Serbian President Accused of Hypocrisy for Media Freedom Speech

Serbian journalists criticised President Aleksandar Vucic for making a speech at a media freedom event at the World Economic Forum in Davos, accusing him of being responsible for deteriorating freedom of speech in his own country.

 Serbian journalists and editors accused President Aleksandar Vucic of hypocrisy after he addressed a panel on freedom of the media in Davos on Tuesday, claiming that he has caused the deterioration of media freedom in his own country.

“I see his speech as epic cynicism, as he gave the impression of a man who discovered at this event that there is something wrong with media freedom in Serbia, although the truth is different and everything that isn’t right has been induced by him [Vucic],” TV N1’s programme director Jugoslav Cosic told BIRN.

“The truth is that over the past few days, the Serbian president and one of [his] ministers, for EU integration, Jadranka Joksimovic, demonstrated verbal aggression against N1 journalists when they were asked questions about the visit by Russian President Putin [at the weekend] and about media freedoms,” Cosic added.

Vucic participated in the Media Freedom in Crisis panel at the World Economic Forum on Tuesday alongside respected journalists, editors and rights activists from organisations like the Washington Post, Reuters and Amnesty International.

He told the Davos panel that he was proud of Serbia’s economic reforms but not of its media freedom situation.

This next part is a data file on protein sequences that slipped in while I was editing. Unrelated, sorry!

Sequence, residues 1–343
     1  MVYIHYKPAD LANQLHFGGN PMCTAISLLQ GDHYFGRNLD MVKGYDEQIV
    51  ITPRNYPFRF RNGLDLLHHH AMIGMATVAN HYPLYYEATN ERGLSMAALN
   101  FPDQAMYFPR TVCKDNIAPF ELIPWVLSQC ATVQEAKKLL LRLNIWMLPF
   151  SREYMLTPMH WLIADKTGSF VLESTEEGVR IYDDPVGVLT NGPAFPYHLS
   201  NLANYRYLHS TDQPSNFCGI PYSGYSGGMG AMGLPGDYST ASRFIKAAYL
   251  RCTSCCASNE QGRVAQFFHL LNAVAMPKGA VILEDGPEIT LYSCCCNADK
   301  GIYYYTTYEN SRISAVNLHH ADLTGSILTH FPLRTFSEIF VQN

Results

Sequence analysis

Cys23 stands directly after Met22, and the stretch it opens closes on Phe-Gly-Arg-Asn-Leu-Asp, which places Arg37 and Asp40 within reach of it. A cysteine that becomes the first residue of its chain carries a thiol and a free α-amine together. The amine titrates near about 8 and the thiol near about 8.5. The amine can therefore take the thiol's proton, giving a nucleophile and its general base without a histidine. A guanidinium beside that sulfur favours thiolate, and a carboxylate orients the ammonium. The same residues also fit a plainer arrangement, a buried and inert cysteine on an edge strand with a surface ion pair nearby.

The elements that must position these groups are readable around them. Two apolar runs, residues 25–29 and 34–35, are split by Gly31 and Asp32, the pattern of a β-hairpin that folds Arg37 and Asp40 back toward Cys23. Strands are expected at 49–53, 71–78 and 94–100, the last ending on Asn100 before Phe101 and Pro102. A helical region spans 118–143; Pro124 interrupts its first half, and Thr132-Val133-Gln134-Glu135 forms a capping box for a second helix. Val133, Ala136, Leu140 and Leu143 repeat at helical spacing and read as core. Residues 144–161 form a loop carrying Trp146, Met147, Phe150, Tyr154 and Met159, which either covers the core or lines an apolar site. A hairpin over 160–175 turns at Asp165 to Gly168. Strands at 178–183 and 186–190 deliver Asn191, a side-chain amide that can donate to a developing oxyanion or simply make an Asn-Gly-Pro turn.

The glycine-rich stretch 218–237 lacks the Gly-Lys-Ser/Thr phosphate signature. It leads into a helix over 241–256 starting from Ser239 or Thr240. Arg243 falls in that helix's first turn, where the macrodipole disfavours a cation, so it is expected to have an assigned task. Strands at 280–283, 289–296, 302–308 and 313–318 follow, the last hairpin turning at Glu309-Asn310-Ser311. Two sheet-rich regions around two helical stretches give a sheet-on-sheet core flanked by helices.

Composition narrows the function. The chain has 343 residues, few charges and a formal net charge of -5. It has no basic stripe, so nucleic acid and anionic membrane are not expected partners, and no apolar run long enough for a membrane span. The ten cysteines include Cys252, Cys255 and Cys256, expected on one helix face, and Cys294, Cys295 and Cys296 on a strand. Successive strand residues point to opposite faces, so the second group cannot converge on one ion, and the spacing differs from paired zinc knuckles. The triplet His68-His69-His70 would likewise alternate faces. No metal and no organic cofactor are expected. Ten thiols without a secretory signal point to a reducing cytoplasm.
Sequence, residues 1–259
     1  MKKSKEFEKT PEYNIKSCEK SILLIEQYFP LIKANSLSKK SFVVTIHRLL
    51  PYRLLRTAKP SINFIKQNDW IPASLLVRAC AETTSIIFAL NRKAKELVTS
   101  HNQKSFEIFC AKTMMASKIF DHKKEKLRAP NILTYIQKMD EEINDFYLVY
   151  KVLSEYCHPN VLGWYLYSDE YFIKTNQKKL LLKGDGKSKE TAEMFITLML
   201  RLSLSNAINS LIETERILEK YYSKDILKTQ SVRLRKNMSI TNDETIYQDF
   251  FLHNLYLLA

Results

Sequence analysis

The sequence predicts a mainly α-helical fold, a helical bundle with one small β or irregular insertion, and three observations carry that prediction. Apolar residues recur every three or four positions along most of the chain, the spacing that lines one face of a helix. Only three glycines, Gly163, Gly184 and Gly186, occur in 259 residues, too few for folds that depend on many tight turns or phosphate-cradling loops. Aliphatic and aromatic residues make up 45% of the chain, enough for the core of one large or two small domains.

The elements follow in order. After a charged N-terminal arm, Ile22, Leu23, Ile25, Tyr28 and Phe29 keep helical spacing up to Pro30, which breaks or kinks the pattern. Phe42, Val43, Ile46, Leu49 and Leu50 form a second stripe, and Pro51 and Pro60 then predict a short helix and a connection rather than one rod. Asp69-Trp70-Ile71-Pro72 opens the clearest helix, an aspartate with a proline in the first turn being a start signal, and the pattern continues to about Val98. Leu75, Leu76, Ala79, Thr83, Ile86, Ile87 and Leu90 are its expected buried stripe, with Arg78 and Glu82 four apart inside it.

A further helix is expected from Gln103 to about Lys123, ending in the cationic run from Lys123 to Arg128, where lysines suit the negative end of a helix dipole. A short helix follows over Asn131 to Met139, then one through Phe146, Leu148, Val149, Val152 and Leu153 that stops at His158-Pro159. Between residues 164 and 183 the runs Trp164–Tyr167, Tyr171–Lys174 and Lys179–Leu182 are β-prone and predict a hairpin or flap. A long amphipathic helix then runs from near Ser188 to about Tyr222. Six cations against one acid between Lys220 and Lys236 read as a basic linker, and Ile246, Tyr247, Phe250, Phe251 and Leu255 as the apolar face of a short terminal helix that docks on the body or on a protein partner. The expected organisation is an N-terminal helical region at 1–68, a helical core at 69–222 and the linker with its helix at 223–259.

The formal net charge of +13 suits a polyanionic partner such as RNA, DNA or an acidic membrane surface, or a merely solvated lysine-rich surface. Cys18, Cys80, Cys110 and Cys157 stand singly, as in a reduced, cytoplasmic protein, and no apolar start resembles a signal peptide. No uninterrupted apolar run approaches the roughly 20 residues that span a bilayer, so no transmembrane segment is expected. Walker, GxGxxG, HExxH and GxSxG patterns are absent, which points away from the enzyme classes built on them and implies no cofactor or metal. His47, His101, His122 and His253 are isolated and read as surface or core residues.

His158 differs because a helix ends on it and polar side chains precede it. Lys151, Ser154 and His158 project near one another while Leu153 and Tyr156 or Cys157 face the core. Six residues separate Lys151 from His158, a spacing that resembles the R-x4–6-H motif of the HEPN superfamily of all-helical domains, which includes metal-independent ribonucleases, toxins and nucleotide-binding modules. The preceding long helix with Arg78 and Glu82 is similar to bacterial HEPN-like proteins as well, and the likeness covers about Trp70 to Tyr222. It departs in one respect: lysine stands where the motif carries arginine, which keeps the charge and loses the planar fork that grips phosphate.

“Yesterday, I talked to people from [international watchdog group] Reporters Without Borders and I invited them to come to Serbia and support us, to bring experts, especially in the area of state aid to the media… and I am sure that in a year or two, I will be here and I will be proud of the freedom of the media and freedom of speech in Serbia,” Vucic said.

 Representatives of Reporters Without Borders met Vucic in Belgrade on Monday to highlight concerns about media freedom in Serbia.

“Reporters Without Borders came to Belgrade to meet the president and raise certain questions about the atmosphere which we believe is deteriorating,” the head of the EU and Balkans desk at the organisation, Pauline Ades-Mevel, told N1, adding that Serbia fell 10 places on its World Press Freedom Index global ranking for 2018.
Vucic’s participation in the media panel in Davos was also criticised by Serbian media associations on Tuesday.

“Aleksandar Vucic has no moral right to share advice or recommendations about the media,” said a joint press release issued by the Independent Journalists’ Association of Serbia, IJAS, and the Independent Journalists’ Association of Vojvodina, IJAV.

Milan Culibrk, the editor-in-chief of weekly news magazine NIN, told BIRN that under Vucic’s rule, Serbian media have been living through “crisis times”.

Culibrk said that “we will see at the first press conference in Serbia [aftrer Vucic returns] that he really was not honest” about improving media freedom.

TV N1’s Cosic also noted that the Davos panel was one of the rare press events involving the Serbian President which he did not control “nor were ordered [pre-agreed] questions asked”.

Cosic said that Vucic tried to use the opportunity to speak about his economic reforms, “although he was not asked about them, and was immediately interrupted by the coordinator of the panel”.

According to the 2018 EU Progress Report for Serbia, the country needs to improve the environment for freedom of expression and media freedom.

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